When I start talking to some business owners about tax, I can actually see their eyes drift off into another direction and their body language shut down. And that's the crux of the issue. It's not that these people aren't smart enough to understand. They just THINK they won't understand – and so they don't even try.

These are the same people who will then blame their accountant for not being proactive with advice on where to spend their money, what to invest in, or how to steer the business.

While I will happily admit that there are accountants out there who do little more than submit BAS statements and don't take enough of an interest in their clients' businesses, there are those who do. But, even then, it's not their job to make your business successful. It's yours.

They are not at the coalface involved in the day-to-day workings of your business. They aren't privy to the nuances of your business relationships or the interpersonal dynamics that may affect your business direction. The buck stops with you.

It's really a simple two-step process:

1. Get over the fear. The only person who can do that is you. Your accountant isn't responsible for this.

2. Equip yourself with basic accounting knowledge. You don't need a degree. Personally, my recommendation would be to get one-on-one tutoring from an experienced bookkeeper. Ask them to cover the issues that are particularly specific to small business owners.

If you find yourself saying any of the above statements, remember this: understanding finances is easy.

Seriously, go into it with an open mind. Do a simple course like "Accounting for non-accountants" or "Accounting for small business". There are many courses like this available at most evening colleges.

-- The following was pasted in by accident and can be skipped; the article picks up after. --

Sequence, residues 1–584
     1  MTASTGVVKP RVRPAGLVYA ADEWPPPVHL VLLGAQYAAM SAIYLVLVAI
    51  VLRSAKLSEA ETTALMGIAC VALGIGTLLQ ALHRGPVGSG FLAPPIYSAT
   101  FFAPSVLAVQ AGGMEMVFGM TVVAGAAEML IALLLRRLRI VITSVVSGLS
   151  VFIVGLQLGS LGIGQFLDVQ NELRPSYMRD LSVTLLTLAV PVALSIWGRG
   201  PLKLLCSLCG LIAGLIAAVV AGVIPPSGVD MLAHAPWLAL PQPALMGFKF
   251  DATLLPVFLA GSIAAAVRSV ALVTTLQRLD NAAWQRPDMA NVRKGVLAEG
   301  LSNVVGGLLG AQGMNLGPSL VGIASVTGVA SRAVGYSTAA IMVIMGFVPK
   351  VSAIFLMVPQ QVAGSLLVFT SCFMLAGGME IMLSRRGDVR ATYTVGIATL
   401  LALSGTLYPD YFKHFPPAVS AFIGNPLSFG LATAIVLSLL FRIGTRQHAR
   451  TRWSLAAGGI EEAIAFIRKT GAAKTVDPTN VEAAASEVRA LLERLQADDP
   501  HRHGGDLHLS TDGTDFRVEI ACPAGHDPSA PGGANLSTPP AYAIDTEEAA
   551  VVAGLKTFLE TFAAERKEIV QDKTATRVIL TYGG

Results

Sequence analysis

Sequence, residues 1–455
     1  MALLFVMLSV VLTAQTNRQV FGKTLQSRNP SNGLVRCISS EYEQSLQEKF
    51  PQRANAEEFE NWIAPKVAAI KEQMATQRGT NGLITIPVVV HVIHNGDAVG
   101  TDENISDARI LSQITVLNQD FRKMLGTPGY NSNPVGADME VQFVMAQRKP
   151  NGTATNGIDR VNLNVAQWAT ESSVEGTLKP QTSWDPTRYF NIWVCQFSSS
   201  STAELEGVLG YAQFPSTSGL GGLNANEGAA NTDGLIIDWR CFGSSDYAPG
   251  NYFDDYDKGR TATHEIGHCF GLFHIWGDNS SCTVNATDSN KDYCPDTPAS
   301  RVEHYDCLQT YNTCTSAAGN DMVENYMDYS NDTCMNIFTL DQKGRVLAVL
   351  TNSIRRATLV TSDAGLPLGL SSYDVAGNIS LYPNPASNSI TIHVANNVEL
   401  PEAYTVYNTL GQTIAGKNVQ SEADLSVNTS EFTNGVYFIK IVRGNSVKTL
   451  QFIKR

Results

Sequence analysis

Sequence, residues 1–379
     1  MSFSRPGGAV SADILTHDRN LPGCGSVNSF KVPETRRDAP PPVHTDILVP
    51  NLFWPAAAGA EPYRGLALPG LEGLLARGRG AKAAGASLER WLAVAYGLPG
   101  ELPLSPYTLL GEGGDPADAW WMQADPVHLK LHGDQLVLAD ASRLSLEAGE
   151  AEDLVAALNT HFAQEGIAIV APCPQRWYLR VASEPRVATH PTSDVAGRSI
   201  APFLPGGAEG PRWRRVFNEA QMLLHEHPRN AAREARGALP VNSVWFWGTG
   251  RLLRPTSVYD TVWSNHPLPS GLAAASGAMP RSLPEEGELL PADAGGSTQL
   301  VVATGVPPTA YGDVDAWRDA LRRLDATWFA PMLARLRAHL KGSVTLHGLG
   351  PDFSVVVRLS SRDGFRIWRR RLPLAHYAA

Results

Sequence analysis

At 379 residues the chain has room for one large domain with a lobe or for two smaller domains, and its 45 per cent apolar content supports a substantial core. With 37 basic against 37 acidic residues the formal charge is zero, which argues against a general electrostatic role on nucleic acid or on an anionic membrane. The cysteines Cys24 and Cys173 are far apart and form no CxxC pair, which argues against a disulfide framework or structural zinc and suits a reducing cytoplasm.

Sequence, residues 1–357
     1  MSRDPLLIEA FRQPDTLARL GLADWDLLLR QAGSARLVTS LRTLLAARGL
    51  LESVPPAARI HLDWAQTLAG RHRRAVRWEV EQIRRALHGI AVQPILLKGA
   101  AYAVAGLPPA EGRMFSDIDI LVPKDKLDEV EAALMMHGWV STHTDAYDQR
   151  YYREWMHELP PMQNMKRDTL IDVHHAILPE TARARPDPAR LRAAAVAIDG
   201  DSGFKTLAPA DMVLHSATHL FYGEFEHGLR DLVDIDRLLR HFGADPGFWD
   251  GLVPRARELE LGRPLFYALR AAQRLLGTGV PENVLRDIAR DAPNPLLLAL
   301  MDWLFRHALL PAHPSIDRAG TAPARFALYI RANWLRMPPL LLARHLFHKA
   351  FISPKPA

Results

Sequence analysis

If you're not the "classroom" type, invest in some one-on-one tutoring from a bookkeeper or accountant who can show you the fundamentals.

This is a good time to make a confession. I'm a former accountant. And while that statement might sound like an introduction to a Monty Python sketch, I just want to be upfront about it. However, while I may have done accounting at uni, let me assure you that I've forgotten most of it. It was a lifetime ago.

I could not tell you how to calculate fringe benefits tax on a recent meal I had with a client or when to modify my cost base for capital gains tax purposes if my life depended on it. Hell, I sometimes have trouble filling in my BAS statement.

So I'll admit, there isn't a great deal left in my knowledge bank on accounting methodologies. And clearly, accounting wasn't my forte either, which I why I became a writer. However, the gift that background gave me was that I know I have no fear when faced with a balance sheet or financial report.

All these numbers may seen daunting to to begin with. But when you read the statement it really is like reading a story. The story of your business.